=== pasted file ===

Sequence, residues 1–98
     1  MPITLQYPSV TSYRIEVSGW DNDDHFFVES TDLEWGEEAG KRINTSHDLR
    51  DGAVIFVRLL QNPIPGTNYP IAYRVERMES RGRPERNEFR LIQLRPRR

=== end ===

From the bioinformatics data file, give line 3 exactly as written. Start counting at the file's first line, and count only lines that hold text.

    51  DGAVIFVRLL QNPIPGTNYP IAYRVERMES RGRPERNEFR LIQLRPRR